Cameroon revises its 1998 Water Law to improve water governance

Since its adoption in 1998 as the principal judicial law governing water resources in Cameroon, the Water Law N°98/005 of April 14, 1998, is being revised for the first time.

The Ministry of Water Resources and Energy (MINEE), with the technical support of the Global Water Partnership, Central Africa, and the financial support of the GEF through UNDP and the Lake Chad Basin Commission, organized a three-day national multi-stakeholder consultation to ensure a participatory approach in the revision of the 1998 Water Law. The workshop took place in Douala on August 16–18, 2023, and brought together about fifty stakeholders from government ministries, the private sector, industries, river basin agencies, CSOs, Decentralized territorial authorities, public utility companies research institutions, and technical and financial partners (BAD, l’AFD, IUCN, and UNICEF). The participants had as their main objective to review and enrich draft 0 of the revised law, which was elaborated by the revision committee set up by the Minister of Water Resources in September 2022.

Almost 25 years after its adoption, the Water Law is considered obsolete by relevant stakeholders due to several socio-economic, environmental, and institutional landscape changes. Explaining this further to the press during the workshop, GWP-CAf’s executive secretary, Djibrilla Mohamadou, said, "The creation of the Sanaga Bassin Commission cannot move forward because it must be based on a legal framework; however, the current Water law does not take this into account". Some key factors not included in the 1998 Law are the five principles of IWRM, shared management of river basins, protection of surface and groundwater sources, governing package water producers, the absence of a regulatory body in charge of knowledge sharing by actors in the water sector, and the absence of a finance mobilization plan, amongst others.

    Madi VoundouSpeaking on the objective of the stakeholder consultation process, the Director of Water   Resource Management,  Madi Voundou,   reiterated that the aim is to gather the concerns, contributions, and expectations of the various national and international stakeholders to adapt the new water regulations to the current water and climate change context. He added, "This consultation process will continue through other workshops so that the stakeholders gathered here (who will be raising observations later) can ensure that their concerns are taken into account in the final document before its submission to the hierarchy for the continuation of the procedure to adopt these texts".

The meeting was presided over by the representative of the Minister of Water Resources and Secretary General, Adolphe Djouke Thome. Over the course of the three workshop days, participants examined the draft in detail, deliberated, and made pertinent contributions to the nine chapters of the new law, which will address water management on a broader scope and consider connecting factors influencing the water sector like climate change and the environment. The stakeholders defended their action areas while providing relevant contextual information to enrich the new law.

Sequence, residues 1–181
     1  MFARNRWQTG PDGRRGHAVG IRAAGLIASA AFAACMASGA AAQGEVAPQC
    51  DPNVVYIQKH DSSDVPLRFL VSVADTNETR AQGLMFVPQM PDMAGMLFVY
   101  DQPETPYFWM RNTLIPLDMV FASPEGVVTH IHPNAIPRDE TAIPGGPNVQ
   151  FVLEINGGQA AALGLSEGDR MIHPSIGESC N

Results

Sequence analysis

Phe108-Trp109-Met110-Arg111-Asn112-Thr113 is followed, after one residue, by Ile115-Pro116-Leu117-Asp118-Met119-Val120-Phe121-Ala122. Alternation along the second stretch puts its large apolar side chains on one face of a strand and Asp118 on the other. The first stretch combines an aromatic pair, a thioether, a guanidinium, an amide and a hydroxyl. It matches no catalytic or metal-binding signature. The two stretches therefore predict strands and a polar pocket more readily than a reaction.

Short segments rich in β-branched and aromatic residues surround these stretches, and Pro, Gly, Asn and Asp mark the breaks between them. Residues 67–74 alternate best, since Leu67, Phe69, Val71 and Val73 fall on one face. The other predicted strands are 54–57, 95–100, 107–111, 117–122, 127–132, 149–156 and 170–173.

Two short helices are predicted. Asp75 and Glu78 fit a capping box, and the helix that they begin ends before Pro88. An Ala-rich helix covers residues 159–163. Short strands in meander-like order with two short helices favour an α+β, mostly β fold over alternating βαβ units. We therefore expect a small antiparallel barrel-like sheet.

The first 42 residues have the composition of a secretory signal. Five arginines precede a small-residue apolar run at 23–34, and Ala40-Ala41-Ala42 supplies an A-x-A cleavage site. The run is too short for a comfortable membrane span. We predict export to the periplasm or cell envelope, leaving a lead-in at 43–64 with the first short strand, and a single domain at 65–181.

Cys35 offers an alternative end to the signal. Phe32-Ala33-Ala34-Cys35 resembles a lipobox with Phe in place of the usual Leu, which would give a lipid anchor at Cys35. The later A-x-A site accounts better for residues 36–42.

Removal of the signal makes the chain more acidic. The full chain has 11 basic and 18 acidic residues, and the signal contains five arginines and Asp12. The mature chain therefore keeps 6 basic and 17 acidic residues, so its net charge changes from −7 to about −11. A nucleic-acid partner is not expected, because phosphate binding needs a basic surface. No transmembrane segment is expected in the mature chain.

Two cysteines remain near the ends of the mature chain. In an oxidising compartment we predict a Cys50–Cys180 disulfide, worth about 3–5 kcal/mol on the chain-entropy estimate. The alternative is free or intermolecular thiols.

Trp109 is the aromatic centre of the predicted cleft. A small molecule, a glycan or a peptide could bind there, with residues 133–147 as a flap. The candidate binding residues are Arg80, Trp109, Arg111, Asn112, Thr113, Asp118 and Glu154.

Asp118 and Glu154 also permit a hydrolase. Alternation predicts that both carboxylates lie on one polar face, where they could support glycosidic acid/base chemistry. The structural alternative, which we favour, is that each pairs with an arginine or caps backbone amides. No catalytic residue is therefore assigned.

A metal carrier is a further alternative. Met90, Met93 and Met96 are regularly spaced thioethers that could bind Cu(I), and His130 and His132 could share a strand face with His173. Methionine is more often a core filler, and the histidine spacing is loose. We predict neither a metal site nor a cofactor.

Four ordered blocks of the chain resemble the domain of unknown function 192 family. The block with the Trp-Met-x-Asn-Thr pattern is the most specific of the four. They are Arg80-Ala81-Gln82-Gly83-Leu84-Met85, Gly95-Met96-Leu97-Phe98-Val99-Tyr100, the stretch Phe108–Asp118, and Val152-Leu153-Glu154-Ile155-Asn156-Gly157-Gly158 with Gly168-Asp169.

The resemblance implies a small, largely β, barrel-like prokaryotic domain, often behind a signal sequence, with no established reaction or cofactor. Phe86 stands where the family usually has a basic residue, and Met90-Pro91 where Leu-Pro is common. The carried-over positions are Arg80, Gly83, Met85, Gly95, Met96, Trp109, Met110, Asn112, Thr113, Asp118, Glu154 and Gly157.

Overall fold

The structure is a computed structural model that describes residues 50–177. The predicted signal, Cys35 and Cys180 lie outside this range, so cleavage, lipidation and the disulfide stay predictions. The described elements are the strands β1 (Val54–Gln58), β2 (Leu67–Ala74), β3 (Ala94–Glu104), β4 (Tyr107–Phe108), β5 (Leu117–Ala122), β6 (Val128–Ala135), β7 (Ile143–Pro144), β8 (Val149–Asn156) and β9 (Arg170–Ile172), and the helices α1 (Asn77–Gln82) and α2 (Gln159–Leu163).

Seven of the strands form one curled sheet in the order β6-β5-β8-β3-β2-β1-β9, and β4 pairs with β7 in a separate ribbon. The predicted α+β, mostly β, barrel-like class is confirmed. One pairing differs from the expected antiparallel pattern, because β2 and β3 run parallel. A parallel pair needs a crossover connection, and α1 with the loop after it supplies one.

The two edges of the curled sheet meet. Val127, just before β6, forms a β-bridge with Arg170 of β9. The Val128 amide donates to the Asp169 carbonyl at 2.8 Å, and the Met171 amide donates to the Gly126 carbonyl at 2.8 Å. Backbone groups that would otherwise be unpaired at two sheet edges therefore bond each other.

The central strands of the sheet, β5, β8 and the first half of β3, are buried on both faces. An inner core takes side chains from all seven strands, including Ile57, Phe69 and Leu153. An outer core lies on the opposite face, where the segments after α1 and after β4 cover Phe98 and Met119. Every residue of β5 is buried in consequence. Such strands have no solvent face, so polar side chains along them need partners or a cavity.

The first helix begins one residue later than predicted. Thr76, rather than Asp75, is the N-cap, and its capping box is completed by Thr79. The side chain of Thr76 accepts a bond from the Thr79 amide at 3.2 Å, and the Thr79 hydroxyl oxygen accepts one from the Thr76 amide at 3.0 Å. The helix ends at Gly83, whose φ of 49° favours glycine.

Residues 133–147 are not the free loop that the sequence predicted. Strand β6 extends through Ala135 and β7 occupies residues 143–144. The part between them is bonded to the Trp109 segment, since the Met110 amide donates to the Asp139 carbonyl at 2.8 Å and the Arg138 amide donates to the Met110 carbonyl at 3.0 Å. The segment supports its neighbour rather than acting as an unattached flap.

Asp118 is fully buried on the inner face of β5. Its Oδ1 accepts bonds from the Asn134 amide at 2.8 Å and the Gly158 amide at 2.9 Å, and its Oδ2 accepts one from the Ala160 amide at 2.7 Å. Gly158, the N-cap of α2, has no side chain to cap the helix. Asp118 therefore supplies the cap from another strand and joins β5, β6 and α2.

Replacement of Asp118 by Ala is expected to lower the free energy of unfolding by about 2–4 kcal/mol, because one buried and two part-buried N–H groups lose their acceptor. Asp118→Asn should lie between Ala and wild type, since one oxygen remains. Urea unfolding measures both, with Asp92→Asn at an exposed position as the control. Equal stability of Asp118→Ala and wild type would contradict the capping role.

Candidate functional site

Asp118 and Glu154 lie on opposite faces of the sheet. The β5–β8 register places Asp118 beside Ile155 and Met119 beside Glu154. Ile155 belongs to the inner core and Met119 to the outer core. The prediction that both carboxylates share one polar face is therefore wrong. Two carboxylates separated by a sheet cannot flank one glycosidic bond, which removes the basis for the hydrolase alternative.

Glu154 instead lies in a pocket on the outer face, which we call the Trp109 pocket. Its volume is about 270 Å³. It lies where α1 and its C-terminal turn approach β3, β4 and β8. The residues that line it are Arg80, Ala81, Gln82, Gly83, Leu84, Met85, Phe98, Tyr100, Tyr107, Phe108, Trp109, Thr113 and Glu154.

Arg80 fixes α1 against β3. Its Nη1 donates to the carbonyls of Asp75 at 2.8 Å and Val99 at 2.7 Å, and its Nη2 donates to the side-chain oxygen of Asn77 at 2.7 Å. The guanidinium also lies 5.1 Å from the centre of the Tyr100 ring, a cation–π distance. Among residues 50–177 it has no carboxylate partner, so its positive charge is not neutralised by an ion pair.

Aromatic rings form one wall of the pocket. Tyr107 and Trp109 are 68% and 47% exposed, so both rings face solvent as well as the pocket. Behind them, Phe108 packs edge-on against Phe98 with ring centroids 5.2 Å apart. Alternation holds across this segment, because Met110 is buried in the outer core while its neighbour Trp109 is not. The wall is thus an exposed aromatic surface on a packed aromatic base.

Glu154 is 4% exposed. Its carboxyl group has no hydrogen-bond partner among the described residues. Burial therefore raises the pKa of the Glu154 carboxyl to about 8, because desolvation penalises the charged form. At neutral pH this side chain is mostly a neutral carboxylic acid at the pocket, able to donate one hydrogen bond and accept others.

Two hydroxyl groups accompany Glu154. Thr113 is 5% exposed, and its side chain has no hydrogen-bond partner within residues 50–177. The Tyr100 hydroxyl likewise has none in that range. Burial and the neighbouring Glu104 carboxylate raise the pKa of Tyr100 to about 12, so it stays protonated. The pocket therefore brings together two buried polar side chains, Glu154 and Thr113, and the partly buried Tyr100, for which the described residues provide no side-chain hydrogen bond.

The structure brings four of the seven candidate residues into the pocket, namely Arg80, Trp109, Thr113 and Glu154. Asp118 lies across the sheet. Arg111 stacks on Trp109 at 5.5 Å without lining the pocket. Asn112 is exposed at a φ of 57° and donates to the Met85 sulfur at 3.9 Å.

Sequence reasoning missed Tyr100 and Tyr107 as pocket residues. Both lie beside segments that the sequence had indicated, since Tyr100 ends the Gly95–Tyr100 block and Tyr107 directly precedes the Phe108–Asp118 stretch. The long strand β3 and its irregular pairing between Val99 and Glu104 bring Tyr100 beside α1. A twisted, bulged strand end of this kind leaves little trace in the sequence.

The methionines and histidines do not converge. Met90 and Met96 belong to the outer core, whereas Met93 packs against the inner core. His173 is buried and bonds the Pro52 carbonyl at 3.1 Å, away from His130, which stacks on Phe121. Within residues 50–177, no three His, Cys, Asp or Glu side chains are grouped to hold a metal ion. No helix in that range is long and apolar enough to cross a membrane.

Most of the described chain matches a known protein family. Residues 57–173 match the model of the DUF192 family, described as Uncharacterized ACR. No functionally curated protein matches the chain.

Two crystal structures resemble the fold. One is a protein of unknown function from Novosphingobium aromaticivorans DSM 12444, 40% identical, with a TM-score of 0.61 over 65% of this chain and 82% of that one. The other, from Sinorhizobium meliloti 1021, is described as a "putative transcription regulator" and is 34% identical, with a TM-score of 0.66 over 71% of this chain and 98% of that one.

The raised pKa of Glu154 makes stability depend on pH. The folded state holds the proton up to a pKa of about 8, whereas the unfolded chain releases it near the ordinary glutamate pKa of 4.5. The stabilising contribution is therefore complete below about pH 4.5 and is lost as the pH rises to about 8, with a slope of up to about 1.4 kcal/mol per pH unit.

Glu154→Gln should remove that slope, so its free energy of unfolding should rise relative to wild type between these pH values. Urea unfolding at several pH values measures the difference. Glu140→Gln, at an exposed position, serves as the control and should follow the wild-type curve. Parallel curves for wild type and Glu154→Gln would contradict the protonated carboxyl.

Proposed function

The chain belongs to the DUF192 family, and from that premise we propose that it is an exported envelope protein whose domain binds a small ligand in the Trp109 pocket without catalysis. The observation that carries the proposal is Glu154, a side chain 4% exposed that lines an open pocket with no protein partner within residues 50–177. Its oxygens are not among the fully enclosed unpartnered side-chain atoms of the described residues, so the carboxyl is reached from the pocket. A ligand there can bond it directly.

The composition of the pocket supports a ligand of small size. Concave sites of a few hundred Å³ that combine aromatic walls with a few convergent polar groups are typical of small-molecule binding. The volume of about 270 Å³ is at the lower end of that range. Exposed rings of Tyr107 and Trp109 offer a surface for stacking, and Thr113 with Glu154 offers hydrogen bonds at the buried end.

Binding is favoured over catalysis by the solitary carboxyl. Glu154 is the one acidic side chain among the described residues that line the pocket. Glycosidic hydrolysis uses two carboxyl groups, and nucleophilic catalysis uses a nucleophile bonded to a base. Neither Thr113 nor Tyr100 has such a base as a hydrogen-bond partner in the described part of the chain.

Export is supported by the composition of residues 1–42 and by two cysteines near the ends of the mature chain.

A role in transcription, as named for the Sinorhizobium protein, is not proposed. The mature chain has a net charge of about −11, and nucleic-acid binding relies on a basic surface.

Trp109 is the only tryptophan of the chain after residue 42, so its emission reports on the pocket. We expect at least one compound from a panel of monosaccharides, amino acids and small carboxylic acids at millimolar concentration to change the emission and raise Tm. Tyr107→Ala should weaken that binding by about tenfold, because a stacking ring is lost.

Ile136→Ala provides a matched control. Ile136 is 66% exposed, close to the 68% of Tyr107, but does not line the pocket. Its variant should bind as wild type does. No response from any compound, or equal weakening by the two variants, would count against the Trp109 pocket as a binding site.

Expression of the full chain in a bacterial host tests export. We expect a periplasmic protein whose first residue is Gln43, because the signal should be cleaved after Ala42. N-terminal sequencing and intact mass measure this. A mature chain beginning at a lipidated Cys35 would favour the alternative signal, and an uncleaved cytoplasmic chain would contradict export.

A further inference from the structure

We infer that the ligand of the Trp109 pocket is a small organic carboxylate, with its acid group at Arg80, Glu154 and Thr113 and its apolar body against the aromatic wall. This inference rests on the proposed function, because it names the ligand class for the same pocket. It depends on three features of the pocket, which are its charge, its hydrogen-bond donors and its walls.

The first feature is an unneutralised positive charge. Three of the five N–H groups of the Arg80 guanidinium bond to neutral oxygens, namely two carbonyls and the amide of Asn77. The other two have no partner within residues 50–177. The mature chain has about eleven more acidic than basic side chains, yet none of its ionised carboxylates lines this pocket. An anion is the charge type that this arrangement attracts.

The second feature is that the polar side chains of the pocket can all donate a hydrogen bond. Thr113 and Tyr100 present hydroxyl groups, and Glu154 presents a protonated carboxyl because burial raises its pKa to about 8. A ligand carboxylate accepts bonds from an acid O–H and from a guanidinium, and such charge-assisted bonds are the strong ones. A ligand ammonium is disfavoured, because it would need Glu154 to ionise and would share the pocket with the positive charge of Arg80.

At the end of the meeting, the technical committee made up of members of the committee in charge of the revision process, presented key recommendations and next steps for the adoption and validation of the new law. While giving feedback on the workshop, Professor Fonteh Mathias said, "It was participatory and inclusive, considering that feedback could be given verbally or in writing to the technical secretariat. I'm looking forward to the new draft with the contributions made here today".

GWP-Central Africa’s contribution to the revision of the Water Law

In accordance with its mission to promote better management of water resources through effective water governance, GWP-CAf is accompanying the government in the water law revision process. Within the framework of GWP’s Water, Climate, Development, and Gender (WACDEP-G) program, a preliminary consultation was held with the working group in charge of revising the law in October 2022 to establish their training needs with regard to gender. Based on this needs assessment, gender-focused training was developed and delivered by GWP-CAf to the planning, programming, budgeting, monitoring, and evaluation chain of the water and environment government ministries in December 2022. The aim of the training was to enable them to better consider gender in the different stages of project development and in the elaboration of legal texts in the water sector.

 This new law will ensure improved management of water resources, which will influence the development of related sectors (energy, agriculture, industry, transport, tourism, etc.). It will also help the government better address the urgent water issues facing the country (water shortages, floods, droughts) and foster the implementation of the National Development Strategy 2030 and eventually Cameroon’s Vision 2035.